The Narrative of Gordon Sellar Who Emigrated to Canada in 1825 by Gordon Sellar


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Page 1

Mother kept on working, mostly out of door jobs, washing or
house-cleaning, a neighbor being asked to look after me. When I got old
enough, she would tell me, while I was in bed, where she was going, and
in the evening I would go and meet her. Sometimes, not often, she got
sewing to do at home and these were bright days. We talked all the time
and she taught me much; not simply to read and write and cast little
sums, but about everything she knew. My reading book was the gospel of
John, which she said was fullest of comfort, and it was then my faith in
Christ took root. There could not be a more contented or cheerful
mother, and her common expression was that when we did our duty
everything was for the best. She had a sweet voice, and when she sang
one of Burns' songs neighbors opened their doors to hear her. I was
nearly ten when a bad time came. Mills closed, the streets were full of
idle workmen, and provisions got dear. Mother got little to do, and I
know she often went hungry that I might be fed. She might have got her
share of the relief fund, but would not think of it. She told me time
and again, to be independent. That hard winter made all the families in
our close draw nearer to one another, and every hour there was some deed
of helpfulness. The best friends of the poor are the poor. We were
struggling on, hopeful and unmurmuring, when the word passed from
landing to landing one morning that the boy who was sick in the first
flat had been visited by a doctor, who said he had typhus. Mother took
her turn in sitting up with him at night until he got the change and it
was for the better. It might be a week after, I went to meet her on her
way home from the place where she had been at work, and saw how slow she
walked and the trouble she had in getting up the stair to our room. She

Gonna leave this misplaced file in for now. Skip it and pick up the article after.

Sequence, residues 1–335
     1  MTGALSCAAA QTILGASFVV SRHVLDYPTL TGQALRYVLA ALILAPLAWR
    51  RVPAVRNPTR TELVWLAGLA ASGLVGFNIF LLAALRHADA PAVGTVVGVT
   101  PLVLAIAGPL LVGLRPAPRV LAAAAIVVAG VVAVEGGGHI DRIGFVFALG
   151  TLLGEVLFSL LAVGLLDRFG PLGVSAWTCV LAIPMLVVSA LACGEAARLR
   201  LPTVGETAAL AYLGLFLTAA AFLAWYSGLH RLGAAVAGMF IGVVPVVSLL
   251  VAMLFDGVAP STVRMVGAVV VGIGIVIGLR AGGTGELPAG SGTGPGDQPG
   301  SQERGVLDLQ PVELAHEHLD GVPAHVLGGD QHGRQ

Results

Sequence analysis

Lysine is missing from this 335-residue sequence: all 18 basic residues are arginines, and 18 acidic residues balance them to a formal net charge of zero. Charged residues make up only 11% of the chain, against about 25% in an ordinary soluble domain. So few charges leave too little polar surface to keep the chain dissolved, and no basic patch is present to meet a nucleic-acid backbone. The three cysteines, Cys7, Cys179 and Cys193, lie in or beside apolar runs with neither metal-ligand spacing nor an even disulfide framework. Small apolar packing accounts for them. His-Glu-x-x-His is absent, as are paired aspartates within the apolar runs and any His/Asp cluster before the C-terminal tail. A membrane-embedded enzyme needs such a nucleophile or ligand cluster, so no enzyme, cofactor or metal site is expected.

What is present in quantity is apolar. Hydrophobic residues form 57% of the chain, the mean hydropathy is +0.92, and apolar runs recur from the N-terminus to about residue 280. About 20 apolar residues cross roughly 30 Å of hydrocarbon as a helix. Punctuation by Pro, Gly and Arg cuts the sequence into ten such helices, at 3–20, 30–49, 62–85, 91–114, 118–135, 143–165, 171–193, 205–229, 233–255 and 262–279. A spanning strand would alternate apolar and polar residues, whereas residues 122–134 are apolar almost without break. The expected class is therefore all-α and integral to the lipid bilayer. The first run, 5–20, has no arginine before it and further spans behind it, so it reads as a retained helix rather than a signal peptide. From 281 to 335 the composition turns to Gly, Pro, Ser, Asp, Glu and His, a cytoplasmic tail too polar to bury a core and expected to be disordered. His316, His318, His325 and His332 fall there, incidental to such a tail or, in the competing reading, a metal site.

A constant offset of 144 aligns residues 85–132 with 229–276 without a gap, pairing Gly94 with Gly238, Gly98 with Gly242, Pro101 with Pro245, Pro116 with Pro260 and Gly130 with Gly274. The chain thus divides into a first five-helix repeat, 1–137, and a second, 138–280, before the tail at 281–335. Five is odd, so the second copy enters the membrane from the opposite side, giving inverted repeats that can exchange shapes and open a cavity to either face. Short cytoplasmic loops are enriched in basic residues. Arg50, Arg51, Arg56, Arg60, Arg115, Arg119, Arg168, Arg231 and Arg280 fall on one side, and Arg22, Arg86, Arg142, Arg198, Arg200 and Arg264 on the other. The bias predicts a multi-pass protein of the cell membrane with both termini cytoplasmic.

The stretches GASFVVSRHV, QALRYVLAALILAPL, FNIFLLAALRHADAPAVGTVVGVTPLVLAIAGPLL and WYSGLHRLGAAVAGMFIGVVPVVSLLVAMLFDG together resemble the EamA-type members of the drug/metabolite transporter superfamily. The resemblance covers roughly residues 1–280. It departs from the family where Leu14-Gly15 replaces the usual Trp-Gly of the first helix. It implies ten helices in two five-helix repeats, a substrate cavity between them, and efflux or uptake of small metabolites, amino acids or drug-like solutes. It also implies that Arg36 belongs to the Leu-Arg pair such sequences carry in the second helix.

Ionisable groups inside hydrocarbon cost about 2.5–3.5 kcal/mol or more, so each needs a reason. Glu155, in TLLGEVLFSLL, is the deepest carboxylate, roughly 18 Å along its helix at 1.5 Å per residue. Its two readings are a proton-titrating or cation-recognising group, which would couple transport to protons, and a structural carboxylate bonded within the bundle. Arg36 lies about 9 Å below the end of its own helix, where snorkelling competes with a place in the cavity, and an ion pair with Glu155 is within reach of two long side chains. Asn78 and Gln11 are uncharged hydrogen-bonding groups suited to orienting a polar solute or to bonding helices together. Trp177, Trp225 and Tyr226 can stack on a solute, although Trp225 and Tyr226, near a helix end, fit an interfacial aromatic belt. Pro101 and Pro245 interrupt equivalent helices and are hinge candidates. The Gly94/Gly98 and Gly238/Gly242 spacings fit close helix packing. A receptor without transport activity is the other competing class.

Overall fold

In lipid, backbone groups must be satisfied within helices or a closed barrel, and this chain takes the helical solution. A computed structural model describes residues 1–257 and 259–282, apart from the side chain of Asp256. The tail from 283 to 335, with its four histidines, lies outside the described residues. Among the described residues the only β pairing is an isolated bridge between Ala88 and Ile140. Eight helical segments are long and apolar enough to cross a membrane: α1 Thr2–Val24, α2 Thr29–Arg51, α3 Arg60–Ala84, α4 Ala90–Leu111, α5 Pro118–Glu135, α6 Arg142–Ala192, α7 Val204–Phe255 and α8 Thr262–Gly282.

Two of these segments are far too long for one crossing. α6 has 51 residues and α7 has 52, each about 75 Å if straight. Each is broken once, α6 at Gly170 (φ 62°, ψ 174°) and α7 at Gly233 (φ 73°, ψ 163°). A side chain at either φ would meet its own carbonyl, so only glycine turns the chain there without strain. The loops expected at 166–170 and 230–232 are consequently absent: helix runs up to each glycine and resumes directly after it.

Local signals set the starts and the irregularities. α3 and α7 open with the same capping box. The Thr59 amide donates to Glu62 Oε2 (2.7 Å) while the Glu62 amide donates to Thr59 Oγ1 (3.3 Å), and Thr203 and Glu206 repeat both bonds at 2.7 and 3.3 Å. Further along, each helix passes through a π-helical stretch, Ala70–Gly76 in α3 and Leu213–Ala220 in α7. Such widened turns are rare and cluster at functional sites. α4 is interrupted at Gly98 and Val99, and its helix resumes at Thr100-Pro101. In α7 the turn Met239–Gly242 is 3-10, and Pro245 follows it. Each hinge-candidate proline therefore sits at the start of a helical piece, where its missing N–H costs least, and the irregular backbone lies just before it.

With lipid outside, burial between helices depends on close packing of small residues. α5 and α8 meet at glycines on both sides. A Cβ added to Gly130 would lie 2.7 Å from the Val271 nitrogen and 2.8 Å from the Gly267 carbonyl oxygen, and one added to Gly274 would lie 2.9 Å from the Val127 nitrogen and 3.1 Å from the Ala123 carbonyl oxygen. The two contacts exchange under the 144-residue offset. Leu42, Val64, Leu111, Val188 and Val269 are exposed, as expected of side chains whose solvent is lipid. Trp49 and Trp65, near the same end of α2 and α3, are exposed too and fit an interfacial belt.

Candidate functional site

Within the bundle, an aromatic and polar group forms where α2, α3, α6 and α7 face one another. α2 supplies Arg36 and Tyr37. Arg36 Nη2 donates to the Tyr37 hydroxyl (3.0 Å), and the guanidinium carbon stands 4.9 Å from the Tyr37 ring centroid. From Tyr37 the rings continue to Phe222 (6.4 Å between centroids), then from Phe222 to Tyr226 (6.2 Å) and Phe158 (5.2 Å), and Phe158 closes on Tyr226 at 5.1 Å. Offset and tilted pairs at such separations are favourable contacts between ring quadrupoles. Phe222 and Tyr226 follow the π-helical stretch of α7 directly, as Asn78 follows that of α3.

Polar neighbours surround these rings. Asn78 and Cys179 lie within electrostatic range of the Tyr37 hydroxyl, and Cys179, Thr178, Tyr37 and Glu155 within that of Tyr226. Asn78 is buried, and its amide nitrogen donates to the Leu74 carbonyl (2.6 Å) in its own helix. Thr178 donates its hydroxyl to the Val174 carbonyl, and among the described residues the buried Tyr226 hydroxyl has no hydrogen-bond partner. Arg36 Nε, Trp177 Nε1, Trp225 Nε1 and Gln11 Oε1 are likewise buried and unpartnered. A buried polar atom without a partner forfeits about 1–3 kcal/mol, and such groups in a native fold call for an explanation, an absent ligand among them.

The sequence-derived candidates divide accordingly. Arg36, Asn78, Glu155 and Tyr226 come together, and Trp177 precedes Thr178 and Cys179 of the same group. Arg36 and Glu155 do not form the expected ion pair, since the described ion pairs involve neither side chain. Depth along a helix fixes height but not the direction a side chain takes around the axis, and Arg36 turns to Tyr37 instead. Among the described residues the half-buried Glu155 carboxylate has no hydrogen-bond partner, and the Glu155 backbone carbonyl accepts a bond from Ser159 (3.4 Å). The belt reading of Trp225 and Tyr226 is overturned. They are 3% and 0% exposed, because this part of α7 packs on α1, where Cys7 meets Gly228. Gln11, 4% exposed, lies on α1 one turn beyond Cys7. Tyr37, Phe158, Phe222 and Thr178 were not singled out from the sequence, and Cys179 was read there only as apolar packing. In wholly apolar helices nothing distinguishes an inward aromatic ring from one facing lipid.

gave me my supper and lay down on the bed to rest, for she said she was
tired. Next morning she complained of headache and did not rise.
Neighbors came in to see her now and then. I stayed by her, she had
never been thus before. When it became dark she seemed to forget herself
and talked strange. The woman next door gave her a few drops of laudanum
in sugar and she fell asleep. When she woke next day she did not know me
and was raving. Word was taken to the hospital and a doctor came. He
said it was a bad case, and she must be taken to the hospital at once,
and he would send the van. It came, the two men with it lifted her from
her bed and placed her on a stretcher. A crowd had gathered on the
street to see her brought out and placed in the van. I thought I was to
go with her, and tried to get on the seat. The helper pushed me away,
but the driver bent over and gave me a penny. The horse started and I
never saw my mother again. I ran after the van, but it got to the
hospital long before I was in sight of it. I went to the door and said I
wanted my mother; the porter roughly told me to go away. I waited in
front of the building until it got dark, and I wondered behind which of
the rows of lighted windows mother lay. When cold to the bone I went
back to our room. A neighbor heard me cry and would have me come to her